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It's about subsidies. But only on the surface.
In 1776, Adam Smith in "The Wealth of Nations" famously railed against government subsidies and monopolies. Smith argued that free trade, competition and choice is more efficient and leads to faster economic development and richer societies.
On the other extreme, there's the government assistance and restrictive trade policies of Japan, South Korea and other Asian Tigers in the 1960s, '70s and '80s, which helped build up their industries to world-class standards (much to the chagrin of Detroit, Washington and the rest of free-trading America). These government policies sparked, well, faster economic development and richer societies.
Europe, meanwhile, has also historically taken a hands-on approach to supporting industry, particularly in a recovering post-war Europe. And while that orientation has changed in recent decades there is still a protectionist instinct in many parts of the continent (a belief that's clearly spelled out in Boeing's subsidies case against Airbus). To be sure, the United States is bailing out Wall Street banks and helping its auto companies, too, with billions of taxpayer dollars going to Detroit, and the $3 billion cash-for-clunkers government program helping fuel domestic auto sales. Moreover, the so-called "Buy American" clause in the government's $787 billion economic stimulus package sparked a global outcry.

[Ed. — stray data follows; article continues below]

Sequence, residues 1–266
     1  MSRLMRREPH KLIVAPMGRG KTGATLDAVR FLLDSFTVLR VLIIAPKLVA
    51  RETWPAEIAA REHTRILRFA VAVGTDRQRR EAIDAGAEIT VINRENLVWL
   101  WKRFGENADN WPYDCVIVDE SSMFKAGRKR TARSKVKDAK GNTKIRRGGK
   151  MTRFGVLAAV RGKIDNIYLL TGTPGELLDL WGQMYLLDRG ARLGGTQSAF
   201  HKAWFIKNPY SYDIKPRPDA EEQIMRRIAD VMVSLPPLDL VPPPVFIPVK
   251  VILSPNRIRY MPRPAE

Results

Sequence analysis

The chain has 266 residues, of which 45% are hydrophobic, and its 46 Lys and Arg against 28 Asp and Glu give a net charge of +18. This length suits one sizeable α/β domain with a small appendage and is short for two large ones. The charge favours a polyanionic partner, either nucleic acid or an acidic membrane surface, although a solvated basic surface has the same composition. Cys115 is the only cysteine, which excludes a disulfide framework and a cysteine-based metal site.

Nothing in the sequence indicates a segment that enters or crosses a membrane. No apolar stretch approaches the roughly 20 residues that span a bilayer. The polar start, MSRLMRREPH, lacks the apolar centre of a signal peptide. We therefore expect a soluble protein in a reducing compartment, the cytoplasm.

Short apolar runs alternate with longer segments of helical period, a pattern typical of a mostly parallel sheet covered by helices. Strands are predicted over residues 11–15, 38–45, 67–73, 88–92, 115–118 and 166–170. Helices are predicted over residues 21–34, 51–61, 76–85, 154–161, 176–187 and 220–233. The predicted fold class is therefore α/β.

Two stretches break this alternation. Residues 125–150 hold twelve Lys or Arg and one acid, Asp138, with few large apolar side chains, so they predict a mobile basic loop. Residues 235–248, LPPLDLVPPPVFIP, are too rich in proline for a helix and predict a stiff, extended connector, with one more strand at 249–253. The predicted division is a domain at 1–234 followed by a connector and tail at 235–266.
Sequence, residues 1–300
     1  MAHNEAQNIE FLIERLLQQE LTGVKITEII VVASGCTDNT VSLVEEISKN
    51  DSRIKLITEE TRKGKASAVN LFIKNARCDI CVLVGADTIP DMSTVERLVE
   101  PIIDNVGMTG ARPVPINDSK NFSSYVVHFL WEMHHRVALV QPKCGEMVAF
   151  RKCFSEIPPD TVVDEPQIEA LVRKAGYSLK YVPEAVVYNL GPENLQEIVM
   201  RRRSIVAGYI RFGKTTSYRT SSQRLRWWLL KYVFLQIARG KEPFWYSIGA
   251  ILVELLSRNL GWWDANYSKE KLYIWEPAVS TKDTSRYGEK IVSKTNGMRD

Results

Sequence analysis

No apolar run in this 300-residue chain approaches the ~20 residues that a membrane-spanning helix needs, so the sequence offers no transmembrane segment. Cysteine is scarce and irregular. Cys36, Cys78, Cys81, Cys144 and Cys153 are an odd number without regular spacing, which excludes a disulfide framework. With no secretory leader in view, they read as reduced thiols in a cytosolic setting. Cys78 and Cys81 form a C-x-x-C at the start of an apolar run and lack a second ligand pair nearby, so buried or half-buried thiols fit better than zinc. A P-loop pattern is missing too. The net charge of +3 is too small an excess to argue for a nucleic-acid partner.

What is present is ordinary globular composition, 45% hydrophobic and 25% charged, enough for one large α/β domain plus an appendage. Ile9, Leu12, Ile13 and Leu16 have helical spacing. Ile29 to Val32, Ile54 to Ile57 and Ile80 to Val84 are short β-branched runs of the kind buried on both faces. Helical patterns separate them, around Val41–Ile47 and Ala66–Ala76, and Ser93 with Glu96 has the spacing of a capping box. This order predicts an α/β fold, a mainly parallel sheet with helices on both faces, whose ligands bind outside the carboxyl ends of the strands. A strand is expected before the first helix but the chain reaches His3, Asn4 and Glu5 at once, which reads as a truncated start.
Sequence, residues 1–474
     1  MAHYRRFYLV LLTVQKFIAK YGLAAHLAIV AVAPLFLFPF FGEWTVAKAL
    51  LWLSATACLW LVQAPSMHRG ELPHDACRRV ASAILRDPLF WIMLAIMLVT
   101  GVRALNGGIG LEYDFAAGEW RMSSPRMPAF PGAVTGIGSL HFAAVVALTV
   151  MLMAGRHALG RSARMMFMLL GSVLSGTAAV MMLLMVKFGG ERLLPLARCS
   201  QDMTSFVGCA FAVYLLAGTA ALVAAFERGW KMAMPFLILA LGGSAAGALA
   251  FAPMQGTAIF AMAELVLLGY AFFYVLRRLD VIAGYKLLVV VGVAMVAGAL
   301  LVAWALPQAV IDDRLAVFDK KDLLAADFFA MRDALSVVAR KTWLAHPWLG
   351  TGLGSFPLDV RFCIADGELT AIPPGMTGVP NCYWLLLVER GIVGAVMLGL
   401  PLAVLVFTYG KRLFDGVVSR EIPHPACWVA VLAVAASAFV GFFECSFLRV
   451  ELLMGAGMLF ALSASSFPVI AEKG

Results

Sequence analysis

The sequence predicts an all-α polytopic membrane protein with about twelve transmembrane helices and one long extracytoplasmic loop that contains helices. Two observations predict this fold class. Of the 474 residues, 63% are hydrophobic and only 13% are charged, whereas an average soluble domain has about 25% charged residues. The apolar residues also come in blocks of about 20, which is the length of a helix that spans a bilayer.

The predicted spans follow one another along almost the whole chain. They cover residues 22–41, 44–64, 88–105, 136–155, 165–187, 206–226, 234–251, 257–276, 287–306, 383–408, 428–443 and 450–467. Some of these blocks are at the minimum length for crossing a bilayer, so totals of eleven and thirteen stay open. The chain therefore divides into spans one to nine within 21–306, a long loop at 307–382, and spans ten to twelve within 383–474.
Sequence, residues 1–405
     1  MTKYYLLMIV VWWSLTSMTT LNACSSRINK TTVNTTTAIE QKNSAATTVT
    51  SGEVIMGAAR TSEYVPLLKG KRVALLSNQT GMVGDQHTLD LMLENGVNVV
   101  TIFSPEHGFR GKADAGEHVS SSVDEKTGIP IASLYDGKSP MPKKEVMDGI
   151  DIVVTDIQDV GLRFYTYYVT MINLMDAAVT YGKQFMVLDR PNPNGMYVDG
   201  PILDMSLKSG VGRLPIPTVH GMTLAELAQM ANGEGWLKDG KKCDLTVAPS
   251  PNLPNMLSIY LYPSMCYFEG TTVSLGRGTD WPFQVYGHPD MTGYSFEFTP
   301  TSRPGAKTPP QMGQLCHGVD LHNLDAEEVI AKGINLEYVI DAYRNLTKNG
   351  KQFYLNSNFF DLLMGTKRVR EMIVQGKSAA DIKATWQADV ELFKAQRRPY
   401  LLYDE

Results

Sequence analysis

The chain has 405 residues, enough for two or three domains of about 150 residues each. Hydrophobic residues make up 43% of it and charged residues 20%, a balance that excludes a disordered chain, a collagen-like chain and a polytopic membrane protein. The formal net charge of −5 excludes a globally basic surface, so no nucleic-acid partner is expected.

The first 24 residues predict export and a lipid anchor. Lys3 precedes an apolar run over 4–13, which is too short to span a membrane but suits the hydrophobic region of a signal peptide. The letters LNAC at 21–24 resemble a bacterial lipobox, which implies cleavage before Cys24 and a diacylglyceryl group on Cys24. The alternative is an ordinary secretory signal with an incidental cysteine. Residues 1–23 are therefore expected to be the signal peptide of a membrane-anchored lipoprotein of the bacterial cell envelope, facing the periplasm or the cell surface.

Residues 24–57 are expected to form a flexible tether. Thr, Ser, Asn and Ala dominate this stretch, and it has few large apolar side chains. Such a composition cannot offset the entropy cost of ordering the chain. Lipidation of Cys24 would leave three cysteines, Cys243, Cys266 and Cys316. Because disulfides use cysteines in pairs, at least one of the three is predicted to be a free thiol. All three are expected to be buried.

So these historic plates are shifting as the global economic meltdown plays out. But the deep philosophical currents are still there, and they will no doubt underscore the economic horse trading that will go on in Pittsburgh on Sept. 24-26, when the leaders of the G20 nations meet to hash out their latest response to the crisis.
They will, of course, be arriving in airplanes made by Boeing and Airbus.